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ADB Study: CO2 Emissions from Asia Transport Sector Will Triple Over Next 25 Years

Projected increase in on-road CO2 emissions in India and China. Click to enlarge.

Even under the most optimistic current scenarios for managing the expansion of road traffic in Asia, emissions of carbon dioxide from the transport sector will triple over the next 25 years, according to a new study backed by the Asian Development Bank (ADB).

At the same time, local air pollution and congestion from transport will rise to levels that seriously hamper the ability to move people and goods in an effective manner, warns the report Energy Efficiency and Climate Change: Considerations for On-Road Transport in Asia.

The study presents one of the first comprehensive analyses of the relationships between transport and climate change in Asia over the next 25 years, undertaking a comprehensive review of current and future greenhouse gas emissions from the region’s transport.

All countries in emerging Asia currently have rather low levels of personal motorized transport (which in many cases comprises mostly motorcycles). But these levels are likely to increase drastically as incomes in these countries grow and the urban population expands.

For example, the number of cars and SUVs in the People’s Republic of China could grow by as much as 15 times the present level over the next 30 years to more than 190 million vehicles. In India, the growth could be as much as 13 times to around 80 million vehicles.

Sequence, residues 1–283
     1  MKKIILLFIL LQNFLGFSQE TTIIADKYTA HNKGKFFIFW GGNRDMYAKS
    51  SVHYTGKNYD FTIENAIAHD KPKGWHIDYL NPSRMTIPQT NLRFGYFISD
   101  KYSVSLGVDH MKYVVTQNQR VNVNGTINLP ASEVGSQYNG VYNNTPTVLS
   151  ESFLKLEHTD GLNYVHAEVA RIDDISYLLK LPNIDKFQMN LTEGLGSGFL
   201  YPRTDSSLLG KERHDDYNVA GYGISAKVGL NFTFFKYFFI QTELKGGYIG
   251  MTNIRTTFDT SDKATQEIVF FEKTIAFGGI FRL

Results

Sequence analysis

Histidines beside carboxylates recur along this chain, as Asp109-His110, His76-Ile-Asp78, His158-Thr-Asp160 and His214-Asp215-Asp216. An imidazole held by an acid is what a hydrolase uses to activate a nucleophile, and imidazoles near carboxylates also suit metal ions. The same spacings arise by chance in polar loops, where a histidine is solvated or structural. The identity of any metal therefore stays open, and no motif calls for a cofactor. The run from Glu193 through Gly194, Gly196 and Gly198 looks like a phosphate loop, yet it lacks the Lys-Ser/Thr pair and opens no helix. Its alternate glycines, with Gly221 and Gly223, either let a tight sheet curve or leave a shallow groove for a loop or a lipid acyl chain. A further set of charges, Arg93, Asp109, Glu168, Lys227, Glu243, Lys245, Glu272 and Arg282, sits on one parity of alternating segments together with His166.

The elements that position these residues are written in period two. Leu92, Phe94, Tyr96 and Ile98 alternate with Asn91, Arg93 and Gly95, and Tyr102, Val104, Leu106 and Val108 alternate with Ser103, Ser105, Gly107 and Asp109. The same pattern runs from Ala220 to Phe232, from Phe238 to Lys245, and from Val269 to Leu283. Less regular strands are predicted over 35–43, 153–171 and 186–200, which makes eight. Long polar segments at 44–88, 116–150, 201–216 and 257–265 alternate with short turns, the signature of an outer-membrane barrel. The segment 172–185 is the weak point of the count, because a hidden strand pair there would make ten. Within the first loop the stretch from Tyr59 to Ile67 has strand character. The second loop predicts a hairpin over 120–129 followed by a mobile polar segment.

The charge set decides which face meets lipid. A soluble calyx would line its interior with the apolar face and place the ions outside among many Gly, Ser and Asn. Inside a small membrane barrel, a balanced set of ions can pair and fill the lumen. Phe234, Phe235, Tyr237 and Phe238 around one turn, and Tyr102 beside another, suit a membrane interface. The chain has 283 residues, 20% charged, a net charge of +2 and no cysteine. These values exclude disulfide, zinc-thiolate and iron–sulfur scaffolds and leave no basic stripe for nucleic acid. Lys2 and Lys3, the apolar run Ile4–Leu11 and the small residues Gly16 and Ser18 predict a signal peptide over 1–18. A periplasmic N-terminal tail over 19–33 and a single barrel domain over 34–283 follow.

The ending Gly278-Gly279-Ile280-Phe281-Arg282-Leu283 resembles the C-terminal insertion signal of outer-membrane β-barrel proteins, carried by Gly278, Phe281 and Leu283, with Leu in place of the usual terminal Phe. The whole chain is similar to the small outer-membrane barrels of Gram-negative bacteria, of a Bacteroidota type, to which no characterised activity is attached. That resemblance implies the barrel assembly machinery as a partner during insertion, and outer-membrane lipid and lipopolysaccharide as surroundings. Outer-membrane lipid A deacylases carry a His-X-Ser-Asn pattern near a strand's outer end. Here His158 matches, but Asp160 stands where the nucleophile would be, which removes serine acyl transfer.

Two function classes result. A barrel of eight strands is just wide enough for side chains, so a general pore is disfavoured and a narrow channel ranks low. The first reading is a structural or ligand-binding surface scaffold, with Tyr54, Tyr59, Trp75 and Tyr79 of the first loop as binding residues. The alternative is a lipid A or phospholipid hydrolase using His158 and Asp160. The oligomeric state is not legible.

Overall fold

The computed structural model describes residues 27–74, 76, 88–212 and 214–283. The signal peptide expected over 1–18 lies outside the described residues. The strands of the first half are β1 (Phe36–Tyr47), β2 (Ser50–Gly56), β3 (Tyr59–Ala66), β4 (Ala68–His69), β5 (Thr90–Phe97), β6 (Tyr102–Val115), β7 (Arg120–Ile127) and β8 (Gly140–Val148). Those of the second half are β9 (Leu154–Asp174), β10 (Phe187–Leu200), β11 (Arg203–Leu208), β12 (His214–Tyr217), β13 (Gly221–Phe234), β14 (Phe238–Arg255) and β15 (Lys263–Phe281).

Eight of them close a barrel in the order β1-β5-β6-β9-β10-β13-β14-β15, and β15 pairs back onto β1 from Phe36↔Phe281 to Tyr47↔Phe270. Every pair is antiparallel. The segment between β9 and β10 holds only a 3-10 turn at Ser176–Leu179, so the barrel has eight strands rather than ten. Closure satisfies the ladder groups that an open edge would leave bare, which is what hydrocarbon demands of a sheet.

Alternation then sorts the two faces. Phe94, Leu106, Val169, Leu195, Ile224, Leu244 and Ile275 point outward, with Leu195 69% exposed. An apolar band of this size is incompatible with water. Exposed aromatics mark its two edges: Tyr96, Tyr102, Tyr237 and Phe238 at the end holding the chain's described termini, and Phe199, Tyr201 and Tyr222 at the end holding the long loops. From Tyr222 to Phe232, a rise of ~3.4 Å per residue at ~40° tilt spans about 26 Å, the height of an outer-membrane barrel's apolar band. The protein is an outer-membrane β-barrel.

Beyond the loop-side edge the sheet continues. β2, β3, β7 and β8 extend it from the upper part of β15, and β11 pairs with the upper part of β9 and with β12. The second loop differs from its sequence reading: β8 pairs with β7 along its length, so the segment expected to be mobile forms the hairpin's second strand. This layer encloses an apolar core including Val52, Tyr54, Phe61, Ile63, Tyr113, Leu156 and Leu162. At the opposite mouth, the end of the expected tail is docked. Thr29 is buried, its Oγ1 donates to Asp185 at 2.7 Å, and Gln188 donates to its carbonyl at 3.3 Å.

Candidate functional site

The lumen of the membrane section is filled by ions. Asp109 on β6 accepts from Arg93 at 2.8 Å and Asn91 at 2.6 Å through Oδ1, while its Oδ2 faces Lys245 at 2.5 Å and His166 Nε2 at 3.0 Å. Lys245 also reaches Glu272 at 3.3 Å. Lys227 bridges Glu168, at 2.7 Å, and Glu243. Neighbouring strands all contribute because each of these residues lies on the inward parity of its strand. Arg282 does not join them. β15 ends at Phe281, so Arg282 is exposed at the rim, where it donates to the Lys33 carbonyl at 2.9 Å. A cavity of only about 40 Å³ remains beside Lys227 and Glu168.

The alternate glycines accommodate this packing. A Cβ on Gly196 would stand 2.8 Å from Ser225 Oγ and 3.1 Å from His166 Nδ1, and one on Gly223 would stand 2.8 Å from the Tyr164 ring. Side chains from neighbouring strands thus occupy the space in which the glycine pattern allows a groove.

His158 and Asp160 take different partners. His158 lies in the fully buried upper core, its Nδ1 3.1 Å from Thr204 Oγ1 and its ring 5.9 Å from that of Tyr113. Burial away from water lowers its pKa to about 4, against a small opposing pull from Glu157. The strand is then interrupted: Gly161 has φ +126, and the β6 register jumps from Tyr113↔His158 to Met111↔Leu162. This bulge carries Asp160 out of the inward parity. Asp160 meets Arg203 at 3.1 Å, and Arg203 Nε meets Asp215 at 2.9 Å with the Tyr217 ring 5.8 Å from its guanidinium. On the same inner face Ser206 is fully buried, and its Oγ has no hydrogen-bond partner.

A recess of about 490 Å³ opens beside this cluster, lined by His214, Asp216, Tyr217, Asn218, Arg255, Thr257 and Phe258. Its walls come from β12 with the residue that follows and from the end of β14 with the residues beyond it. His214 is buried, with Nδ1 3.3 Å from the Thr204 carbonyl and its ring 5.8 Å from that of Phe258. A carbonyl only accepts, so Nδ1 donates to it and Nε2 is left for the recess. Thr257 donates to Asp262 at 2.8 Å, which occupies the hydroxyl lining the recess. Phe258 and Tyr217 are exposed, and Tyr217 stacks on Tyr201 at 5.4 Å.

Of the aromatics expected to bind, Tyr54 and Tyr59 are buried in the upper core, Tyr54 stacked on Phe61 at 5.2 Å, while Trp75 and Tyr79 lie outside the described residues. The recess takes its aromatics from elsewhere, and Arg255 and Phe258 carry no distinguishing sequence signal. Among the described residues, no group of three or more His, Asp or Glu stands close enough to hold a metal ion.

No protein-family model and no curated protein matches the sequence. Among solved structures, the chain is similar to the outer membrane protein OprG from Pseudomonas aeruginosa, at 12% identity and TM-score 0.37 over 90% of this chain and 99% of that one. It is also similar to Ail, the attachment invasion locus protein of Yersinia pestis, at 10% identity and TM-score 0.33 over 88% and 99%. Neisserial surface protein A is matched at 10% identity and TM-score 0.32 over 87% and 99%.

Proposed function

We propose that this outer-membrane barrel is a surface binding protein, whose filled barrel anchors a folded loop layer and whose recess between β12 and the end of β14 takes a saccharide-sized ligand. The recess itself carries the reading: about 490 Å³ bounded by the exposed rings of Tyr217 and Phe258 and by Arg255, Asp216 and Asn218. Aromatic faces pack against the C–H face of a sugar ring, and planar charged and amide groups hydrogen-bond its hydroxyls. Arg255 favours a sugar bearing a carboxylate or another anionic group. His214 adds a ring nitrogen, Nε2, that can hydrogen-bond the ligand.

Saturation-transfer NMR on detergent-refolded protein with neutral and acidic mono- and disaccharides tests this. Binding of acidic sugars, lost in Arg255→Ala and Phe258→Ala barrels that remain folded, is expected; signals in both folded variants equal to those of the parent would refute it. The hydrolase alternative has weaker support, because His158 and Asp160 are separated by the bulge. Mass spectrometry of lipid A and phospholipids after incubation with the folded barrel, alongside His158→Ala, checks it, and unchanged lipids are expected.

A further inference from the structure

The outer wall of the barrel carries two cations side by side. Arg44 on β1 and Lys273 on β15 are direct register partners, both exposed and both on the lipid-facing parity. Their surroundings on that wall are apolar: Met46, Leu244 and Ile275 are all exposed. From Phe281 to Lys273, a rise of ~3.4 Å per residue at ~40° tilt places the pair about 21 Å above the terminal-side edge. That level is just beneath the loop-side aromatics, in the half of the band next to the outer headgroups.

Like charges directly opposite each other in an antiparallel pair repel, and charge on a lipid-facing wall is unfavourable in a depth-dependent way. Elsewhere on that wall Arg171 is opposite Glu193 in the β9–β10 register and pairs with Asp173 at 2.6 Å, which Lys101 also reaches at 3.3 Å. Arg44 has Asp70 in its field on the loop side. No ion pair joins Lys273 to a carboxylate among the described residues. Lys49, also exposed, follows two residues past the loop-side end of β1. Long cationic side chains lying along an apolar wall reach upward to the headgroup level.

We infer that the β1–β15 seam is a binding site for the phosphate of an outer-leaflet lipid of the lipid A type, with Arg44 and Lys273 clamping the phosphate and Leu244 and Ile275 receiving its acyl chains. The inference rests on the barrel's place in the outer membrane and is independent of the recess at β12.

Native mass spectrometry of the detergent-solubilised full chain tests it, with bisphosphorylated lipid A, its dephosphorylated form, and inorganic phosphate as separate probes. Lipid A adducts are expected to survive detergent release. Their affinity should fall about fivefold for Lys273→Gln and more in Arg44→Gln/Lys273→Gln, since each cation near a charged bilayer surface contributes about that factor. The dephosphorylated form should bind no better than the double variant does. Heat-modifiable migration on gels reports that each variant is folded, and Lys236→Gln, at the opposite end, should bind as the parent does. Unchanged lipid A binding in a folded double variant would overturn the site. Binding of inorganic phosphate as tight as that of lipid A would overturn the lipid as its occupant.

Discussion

However, India is expected to have a population of 236 million motorcycles in 2035, which reflects a larger increase than China’s estimated 130 million motorcycles by 2035 (6.6 times growth for India vs. 2.4 times for China).

Under this business-as-usual (BAU) scenario, the total fuel consumption of on road vehicles in China is expected to grow three and a half times over the next 30 years while for India the fuel consumption in 2035 will be over six times that in 2005. Correspondingly, carbon dioxide emissions from on-road transport can be expected to rise by 3.4 times for China and 5.8 times for India over the same period.

These growth rates are less than those of the in-use population itself due to the anticipated improvement in vehicle fuel efficiency.

The report says that a change in vision is needed for the transport sector that takes into account local air pollution, congestion, energy efficiency and climate change implications.

Progress toward reducing the growth of greenhouse gases from the transport sector will require partnerships and involvement of a wide range of stakeholders. The problems must be addressed holistically. This means changing existing travel behavior patterns and modifying urban development patterns to minimize the type, length, and frequency of trips that people need to take.